18.705 exam question

From: Humanist Discussion Group (by way of Willard McCarty willard.mccarty_at_kcl.ac.uk>
Date: Wed, 13 Apr 2005 08:24:24 +0100

               Humanist Discussion Group, Vol. 18, No. 705.
       Centre for Computing in the Humanities, King's College London
                     Submit to: humanist_at_princeton.edu

         Date: Wed, 13 Apr 2005 07:48:28 +0100
         From: Vika Zafrin <amarena_at_gmail.com>
         Subject: Re: 18.701 exam question

Martin writes:

> I'm just tagging up the abstracts for the ACH/ALLC conference in June. I've
> got through about 100 documents so far, and it's quite remarkable how
> little I end up knowing about the content of the document after marking it
> up. I'm very aware of its structure and hierarchy, consistency in style,
> punctuation, and so on, and I'm especially aware of the size of the
> bibliography (which is complicated and tedious to tag, so every item
> registers as a small pain). But as far as reading critically goes,
> absolutely not.

Having edited several issues of an online journal, I feel your pain.
But your message makes it apparent that there are different kinds of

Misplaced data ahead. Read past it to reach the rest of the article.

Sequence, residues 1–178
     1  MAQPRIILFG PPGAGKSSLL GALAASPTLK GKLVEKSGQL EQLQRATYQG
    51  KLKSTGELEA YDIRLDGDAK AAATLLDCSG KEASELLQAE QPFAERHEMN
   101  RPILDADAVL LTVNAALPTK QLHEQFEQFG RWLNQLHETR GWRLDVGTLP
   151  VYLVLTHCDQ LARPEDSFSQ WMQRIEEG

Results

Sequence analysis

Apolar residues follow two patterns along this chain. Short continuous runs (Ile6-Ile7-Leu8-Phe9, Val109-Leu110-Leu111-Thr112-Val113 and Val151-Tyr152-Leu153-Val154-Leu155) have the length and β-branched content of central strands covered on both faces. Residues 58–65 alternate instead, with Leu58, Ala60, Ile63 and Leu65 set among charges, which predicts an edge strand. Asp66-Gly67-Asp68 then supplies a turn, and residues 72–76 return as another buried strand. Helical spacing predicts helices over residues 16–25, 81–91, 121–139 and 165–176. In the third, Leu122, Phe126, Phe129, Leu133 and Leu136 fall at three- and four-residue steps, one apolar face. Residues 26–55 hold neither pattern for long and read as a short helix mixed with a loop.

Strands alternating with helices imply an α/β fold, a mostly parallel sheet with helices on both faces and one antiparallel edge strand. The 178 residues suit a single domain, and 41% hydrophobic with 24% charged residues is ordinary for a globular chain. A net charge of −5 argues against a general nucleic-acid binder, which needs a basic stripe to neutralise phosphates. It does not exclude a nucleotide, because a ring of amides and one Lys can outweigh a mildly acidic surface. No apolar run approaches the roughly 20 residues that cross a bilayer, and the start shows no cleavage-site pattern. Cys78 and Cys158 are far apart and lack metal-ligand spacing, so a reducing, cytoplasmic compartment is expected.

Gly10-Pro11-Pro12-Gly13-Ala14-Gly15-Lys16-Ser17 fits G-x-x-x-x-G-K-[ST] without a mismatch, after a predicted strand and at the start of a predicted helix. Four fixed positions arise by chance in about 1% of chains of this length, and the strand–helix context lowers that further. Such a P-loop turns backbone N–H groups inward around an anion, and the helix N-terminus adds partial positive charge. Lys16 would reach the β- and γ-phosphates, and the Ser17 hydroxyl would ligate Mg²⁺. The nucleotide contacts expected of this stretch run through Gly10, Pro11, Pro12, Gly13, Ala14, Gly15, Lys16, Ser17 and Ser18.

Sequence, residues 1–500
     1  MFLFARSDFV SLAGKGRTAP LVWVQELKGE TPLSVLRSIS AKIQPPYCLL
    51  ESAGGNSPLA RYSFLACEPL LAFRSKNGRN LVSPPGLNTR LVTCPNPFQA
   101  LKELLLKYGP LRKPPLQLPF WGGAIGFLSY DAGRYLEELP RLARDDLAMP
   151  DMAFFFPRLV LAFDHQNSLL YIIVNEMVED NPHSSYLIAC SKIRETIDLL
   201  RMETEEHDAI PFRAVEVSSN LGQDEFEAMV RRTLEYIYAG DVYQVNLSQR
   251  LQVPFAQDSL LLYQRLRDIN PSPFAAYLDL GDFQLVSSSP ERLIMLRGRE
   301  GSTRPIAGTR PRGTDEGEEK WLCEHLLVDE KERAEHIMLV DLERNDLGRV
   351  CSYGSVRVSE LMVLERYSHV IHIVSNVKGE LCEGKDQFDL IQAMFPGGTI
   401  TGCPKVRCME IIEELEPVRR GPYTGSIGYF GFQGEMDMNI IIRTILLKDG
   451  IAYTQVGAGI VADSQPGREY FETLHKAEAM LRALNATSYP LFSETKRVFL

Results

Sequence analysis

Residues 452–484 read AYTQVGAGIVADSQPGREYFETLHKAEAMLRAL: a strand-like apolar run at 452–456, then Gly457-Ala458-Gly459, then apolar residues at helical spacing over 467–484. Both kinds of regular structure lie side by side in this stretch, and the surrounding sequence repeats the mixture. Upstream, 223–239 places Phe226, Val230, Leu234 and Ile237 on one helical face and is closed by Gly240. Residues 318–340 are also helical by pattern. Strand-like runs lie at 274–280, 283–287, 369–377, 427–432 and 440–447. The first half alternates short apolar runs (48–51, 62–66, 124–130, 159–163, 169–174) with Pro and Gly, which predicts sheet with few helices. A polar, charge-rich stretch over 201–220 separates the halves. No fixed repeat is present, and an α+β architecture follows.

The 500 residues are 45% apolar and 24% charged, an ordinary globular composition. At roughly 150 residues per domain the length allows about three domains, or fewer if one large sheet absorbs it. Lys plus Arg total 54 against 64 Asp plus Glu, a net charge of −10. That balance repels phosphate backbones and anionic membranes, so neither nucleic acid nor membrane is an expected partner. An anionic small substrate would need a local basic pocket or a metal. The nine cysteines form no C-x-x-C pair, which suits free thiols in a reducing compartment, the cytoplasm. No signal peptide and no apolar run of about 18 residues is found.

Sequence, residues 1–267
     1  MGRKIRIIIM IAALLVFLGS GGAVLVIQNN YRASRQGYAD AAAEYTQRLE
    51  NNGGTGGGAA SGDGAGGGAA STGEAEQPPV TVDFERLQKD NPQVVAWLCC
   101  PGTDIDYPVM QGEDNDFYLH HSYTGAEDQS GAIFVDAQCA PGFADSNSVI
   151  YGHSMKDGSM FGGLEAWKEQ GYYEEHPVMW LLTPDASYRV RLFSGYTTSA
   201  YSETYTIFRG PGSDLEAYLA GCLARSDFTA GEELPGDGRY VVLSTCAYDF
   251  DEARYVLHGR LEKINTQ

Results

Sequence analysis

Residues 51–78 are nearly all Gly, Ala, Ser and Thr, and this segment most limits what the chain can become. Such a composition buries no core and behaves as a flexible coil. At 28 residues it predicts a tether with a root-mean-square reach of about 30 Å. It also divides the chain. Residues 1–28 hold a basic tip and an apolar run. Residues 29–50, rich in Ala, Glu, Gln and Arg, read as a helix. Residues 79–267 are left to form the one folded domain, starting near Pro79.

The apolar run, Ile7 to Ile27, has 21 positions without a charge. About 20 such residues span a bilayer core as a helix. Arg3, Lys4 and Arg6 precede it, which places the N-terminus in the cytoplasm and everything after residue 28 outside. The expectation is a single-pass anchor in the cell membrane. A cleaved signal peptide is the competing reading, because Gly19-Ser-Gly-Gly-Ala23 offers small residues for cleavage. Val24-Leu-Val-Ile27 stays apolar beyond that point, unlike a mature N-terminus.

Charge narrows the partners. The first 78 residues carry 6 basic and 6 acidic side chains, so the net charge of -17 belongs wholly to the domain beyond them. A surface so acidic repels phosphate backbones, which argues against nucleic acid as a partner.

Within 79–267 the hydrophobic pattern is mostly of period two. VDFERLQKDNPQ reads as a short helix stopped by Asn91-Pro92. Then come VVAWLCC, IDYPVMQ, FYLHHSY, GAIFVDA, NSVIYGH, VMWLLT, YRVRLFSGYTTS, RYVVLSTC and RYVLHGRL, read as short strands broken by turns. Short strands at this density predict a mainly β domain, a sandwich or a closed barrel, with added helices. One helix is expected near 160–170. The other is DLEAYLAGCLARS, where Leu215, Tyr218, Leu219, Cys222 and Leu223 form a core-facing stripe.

tagging: what you do when working on conference abstracts seems to be
different from what a literary scholar might do when, say, tagging a
poem for themes.

Off the top of my head, I'd put it this way: "Tagging, when used as
an annotation tool, is necessarily part of a critical reading
process." This immediately gets in trouble, since what you're doing
with the abstracts is also annotation. So we'd need to distinguish
among kinds of annotation.

All of this makes me think that Willard's original proposal is an
excellent exam question! It practically begs for a multifaceted
response. It's also a trick question, since it invites discussion
rather than the One Correct Answer. If the students have been
actively practicing critical exposition throughout the seminar, the
question is a fair one. If they haven't, it might need to be
rephrased to indicate that they aren't expected to come up with a
single answer.

Or are they?


Vika Zafrin
Director, Virtual Humanities Lab
Brown University Box 1942
Providence, RI 02912 USA
Received on Wed Apr 13 2005 - 03:39:44 EDT

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